A contrarian view comes from
Firsthand Capital Management
. Senior analyst Rex Dwyer says that as inventory problems settle down, he expects to see good forward-looking statements from the component companies toward the end of the fourth quarter. He anticipates a corresponding rise in the stocks of components companies. "You need to be investing now, even though the news the component companies will report for the fourth quarter won't be that good," he says. "They will hopefully have forward guidance that looks good."
A favorite supplier of his is
, which designs a popular phone from Nokia (also a Firsthand holding). Turner Funds' McHugh also likes Triqint; it's been able to diversify its business into the optics area, helping it grow into the downturn, he says.
Another popular play is on wireless gadgets themselves. Several money managers like Palm, despite a sky-high trailing P/E of 473. "In the short term, there's a valuation issue," acknowledges analyst Baudendistel. "Earnings are pretty nominal, since they're spending so much money on building the infrastructure." But he likes the company long term for the same reasons he likes Qualcomm: its intellectual property assets. Palm licenses its proprietary operating system to companies like Handspring, Nokia and Sony.
In the mid-cap realm, Investec's Adrian Brass likes
Research In Motion
, which makes Blackberry pagers that receive and send email. The company's expected to see revenue grow a phenomenal 110% by next year, dropping off to 80% the year after that. But Brass thinks RIM could beat even those lofty expectations as corporations pick up on the pagers in a big way. He concedes the stock's on the pricey side, selling at the top end of the price-to-sales range (50.22 trailing sales). "But if what we expect bears itself out, then obviously price to sales comes down a lot," he says.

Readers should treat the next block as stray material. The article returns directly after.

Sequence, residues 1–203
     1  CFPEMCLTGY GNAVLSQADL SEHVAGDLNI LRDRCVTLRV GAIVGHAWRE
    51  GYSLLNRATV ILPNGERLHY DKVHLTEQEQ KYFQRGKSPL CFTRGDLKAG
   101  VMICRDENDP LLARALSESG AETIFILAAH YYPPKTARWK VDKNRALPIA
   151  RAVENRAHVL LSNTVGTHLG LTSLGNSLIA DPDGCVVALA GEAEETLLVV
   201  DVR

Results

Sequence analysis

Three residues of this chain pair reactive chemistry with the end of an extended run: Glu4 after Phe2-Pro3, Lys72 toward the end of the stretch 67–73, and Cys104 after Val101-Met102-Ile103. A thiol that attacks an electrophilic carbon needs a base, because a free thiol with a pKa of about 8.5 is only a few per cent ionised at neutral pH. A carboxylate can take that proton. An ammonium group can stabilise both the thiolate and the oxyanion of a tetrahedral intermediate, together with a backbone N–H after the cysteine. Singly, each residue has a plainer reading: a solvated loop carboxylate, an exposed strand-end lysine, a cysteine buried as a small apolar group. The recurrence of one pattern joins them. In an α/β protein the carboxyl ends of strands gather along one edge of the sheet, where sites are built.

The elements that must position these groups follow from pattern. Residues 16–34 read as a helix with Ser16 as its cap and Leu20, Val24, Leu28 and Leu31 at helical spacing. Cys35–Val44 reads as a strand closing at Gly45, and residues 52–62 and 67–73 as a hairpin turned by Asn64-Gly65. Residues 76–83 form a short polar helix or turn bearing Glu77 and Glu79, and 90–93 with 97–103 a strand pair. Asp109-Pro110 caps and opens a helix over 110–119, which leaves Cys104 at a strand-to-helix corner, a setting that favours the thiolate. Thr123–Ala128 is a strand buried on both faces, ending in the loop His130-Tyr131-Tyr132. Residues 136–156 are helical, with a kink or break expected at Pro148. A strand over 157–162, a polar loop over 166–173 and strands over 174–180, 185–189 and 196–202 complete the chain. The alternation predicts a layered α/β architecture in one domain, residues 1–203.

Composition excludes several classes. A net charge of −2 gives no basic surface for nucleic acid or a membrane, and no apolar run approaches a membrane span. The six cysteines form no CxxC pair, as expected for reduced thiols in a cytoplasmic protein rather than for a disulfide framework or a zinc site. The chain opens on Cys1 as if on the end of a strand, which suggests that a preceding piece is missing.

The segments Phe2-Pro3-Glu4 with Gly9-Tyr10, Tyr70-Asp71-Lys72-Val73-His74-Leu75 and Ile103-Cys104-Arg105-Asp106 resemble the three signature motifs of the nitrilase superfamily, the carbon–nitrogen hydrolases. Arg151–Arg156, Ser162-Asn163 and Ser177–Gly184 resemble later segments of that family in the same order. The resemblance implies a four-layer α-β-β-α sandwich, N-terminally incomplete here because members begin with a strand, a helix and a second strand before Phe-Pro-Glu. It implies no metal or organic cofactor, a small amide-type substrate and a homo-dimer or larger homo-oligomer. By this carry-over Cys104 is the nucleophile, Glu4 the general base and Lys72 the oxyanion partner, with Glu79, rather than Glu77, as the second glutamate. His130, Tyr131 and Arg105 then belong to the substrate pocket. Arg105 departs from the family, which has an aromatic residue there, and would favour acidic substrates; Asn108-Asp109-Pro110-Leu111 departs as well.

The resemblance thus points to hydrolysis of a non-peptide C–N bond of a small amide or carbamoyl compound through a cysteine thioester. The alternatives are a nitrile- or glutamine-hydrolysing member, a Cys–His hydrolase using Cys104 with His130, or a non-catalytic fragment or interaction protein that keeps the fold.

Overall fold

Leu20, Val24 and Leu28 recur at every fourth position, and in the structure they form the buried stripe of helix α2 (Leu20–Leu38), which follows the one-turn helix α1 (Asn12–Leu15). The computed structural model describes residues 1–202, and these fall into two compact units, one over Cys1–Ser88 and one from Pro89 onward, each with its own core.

Finally, Dwyer, the analyst at Firsthand Funds, likes two relatively tiny equipment makers that "aren't hugely followed. They haven't hit the map." Those companies are
and the even smaller
Both companies sell digital microwave radios that allow for wireless Internet access. As it stands, Dwyer says, more than 90% of the buildings in the U.S. don't have fiber optic cable running into them. It could take decades for all that fiber to be laid, but in the meantime DMC Stratex and Ceragon offer data transmission as fast as 155 megabits per second. "They're allowing metro fiber companies to put more customers on their networks," Dwyer says. He describes the customers of DMC Stratex, including
, as well financed, unlike many smaller CLECs.
Dwyer also likes DMC Stratex's management and operations personnel teams. Revenue has grown at a clip of more than 35%, earnings at more than 100%. Ceragon Networks is "like a small version of DMC Stratex," with similar products and good growth margins. He expects it to be profitable in a few quarters. Ceragon, which only went public last August, has a tiny market cap of less than $300 million.
But most fund managers investing in wireless at this point are focused on much bigger, relatively older companies with a reputation for consistent execution. While they're generally still bullish on the long-term prospects of the area, the sector's helter-skelter performance this year has severely tested their patience for unproven quantities.